There’s plenty of awareness and help for those who are suffering with anxiety, which is so great to see – but what about those people who aren’t suffering, but are living with someone who does?
Whether you’re the parent of a suffering child, or a sibling, partner, or house mate, this applies to you. Living with someone who has anxiety, specifically severe anxiety or a related disorder, is already tough – let alone in such a situation when stress is heightened. It’s a whole other type of stress in itself. So I thought I’d write a few (lol) words to help out. 🙂
I’m sure it’s very hard to understand or get on their level, and chances are you never will. It’s most likely that they don’t even understand themselves. But there are ways that you can help, and there are definitely things you should avoid doing.
Now I’m no professional, but I’ve lived with severe anxiety for most of my life and I know what’s worked and what hasn’t, both on myself and on family members and friends who suffer in similar ways. So what I’m about to say is likely to have more value to it than someone who doesn’t know what it’s like to be on the other side.
I’ve put together a few Dos and Don’ts to give you a clearer picture. It’s a bit wordy but I promise it’s worth the read. Here’s my two cents:
Things You Should Do:
- Speak to the person who’s suffering
Some people think that ignoring symptoms is the way to go, hoping that it will get better by doing so. Chances are… It won’t. Speak to them, acknowledge the fact that they might be suffering, and let them know that you’re there to help. In the case of young children, please don’t assume that they’re too young to understand. You might be surprised at how aware of their thoughts and emotions they actually are, so encourage them to speak up and let them know they can be comfortable doing so, rather than feel ashamed.
- Ask how you can help
They might not have an answer to this, but simply asking (not persistently) will show them that you really do care. Come up with some ideas together, and see what works and what doesn’t. And whatever you do, keep trying and don’t give up.
- Distract them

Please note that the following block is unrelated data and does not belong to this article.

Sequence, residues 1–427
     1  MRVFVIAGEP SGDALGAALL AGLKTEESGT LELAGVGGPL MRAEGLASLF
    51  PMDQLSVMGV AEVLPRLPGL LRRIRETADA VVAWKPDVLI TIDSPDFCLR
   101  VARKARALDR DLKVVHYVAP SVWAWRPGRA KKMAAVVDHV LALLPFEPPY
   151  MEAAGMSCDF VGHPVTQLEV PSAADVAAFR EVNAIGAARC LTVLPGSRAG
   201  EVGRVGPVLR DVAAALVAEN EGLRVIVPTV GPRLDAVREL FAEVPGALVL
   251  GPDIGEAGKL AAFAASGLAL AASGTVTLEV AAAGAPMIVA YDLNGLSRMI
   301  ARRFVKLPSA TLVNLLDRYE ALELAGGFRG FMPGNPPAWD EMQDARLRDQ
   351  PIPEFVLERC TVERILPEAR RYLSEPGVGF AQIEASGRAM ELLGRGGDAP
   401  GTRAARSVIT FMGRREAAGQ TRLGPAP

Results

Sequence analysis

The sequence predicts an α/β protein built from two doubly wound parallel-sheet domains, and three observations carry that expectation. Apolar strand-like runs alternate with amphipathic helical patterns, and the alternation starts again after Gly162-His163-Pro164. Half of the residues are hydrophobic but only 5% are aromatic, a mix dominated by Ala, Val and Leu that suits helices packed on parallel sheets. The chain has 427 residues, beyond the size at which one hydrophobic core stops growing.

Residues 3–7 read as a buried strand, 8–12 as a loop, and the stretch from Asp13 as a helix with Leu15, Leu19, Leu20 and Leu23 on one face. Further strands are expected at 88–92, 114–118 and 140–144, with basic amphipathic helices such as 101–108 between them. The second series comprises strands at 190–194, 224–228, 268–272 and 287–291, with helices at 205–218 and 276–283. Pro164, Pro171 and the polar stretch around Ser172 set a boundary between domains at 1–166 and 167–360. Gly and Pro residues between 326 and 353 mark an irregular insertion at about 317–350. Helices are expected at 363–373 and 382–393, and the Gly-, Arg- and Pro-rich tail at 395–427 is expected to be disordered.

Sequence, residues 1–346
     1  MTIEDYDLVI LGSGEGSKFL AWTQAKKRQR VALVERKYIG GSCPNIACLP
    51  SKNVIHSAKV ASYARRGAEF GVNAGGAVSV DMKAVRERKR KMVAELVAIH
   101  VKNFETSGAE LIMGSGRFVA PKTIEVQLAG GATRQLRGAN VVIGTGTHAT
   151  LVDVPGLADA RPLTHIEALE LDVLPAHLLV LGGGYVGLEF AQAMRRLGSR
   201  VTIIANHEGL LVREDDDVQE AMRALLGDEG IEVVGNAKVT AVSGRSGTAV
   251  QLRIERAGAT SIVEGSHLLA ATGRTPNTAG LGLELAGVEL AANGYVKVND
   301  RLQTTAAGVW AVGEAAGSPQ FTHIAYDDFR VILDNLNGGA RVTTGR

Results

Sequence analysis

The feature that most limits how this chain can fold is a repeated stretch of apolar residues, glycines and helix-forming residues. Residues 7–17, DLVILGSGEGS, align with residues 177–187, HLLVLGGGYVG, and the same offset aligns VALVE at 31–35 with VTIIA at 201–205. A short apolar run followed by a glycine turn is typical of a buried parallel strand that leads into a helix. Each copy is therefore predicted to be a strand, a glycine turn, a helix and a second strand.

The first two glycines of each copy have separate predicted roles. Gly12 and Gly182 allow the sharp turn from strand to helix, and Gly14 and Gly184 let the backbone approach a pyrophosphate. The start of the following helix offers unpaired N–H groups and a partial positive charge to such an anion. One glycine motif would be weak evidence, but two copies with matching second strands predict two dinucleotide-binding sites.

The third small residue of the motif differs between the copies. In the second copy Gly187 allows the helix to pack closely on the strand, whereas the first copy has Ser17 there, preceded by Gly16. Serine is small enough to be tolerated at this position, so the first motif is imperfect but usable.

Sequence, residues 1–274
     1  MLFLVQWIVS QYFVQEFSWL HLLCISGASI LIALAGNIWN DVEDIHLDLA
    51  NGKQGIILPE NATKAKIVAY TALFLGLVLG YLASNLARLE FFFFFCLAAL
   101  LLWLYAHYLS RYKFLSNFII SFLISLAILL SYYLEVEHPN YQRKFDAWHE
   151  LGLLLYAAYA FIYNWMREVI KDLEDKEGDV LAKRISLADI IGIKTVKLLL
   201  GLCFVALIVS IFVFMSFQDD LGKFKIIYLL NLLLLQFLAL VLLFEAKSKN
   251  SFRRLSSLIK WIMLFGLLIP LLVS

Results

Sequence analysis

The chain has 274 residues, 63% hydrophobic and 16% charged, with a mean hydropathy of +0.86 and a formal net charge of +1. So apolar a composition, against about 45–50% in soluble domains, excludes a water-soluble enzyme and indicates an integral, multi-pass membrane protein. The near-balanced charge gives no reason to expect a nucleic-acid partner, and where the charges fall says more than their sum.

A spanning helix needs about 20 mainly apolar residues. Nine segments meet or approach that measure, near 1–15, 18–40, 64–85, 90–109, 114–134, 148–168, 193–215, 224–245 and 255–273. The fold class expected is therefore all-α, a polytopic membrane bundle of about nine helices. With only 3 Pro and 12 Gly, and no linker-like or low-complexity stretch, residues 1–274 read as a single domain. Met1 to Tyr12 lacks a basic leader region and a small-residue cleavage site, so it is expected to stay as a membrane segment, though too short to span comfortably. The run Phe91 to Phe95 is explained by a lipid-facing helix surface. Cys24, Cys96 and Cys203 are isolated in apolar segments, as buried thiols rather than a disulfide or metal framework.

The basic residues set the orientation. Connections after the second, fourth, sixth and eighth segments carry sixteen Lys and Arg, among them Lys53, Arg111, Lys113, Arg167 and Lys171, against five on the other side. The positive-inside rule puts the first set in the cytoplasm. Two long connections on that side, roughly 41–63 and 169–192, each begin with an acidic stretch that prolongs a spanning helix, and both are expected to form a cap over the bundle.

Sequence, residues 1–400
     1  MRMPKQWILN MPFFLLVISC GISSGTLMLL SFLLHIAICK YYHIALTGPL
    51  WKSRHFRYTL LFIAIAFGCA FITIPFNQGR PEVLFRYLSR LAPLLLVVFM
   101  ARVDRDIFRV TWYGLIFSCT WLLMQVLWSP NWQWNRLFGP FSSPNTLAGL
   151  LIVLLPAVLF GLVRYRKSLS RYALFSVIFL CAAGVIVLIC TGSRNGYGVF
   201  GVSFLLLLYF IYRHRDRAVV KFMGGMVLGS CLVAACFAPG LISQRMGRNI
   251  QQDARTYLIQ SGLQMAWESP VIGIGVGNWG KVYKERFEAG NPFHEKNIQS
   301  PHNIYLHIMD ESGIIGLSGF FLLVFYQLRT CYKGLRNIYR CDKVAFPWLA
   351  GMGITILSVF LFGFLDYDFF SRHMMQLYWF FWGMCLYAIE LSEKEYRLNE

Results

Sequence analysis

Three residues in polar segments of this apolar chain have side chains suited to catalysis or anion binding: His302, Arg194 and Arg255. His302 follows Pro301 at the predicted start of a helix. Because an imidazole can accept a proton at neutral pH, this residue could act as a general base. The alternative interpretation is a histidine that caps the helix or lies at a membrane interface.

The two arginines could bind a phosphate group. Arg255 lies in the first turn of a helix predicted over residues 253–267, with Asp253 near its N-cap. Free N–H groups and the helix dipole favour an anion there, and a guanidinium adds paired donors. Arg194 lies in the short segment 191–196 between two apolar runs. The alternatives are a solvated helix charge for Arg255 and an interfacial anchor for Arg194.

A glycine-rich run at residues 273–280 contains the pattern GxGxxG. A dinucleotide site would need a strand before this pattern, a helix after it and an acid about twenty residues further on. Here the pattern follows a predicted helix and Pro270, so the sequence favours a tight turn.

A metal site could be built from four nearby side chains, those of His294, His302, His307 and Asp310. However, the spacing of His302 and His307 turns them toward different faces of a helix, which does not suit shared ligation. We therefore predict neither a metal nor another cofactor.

If one of the person’s symptoms is a tic, whether vocal (like clearing throat repeatedly) or motor (blinking repetitively or spasm-like movements), or they are peeling / scratching their skin or pulling out hair (like I do), rather than tell them off, simply try to distract them. Strike up a conversation with them, give them something to hold or to do, play a game – anything that might help to get their mind off it. And as much as possible, do this with enthusiasm and not frustration.
- Encourage them to do something they enjoy
Being stuck at home and feeling anxious can make it harder for some people to do things they really love, but if you push and encourage them (in a positive and gentle way), they’ll probably be happy that you did in the long run. Feed off how they respond, and maybe try to work on a schedule together for them to prepare for the next time. Of course there are limitations during quarantine, so make sure that whatever it is, it’s something that can be practised safely under these circumstances.
- Focus on the positive
People who suffer with their mental health tend to feel insignificant and worthless and can be very vulnerable and sensitive. Praise their progress, recognise the way they handle things, and remind them that they’re doing a great job – and that you love them and are proud of them. Such comments are worth more than you can ever imagine.
- Seek the help of a professional
Anxiety is more than simply feeling nervous every now and then – a lot of people find this very hard to understand. There is a wide variety of disorders that are linked to anxiety and these could worsen over time and significantly affect the person’s life and relationships. Speak to a professional and consider therapy; the sooner they start, the better it will be for everyone.
Now that we’ve established some things that you can do, let’s talk about the things that you should definitely avoid…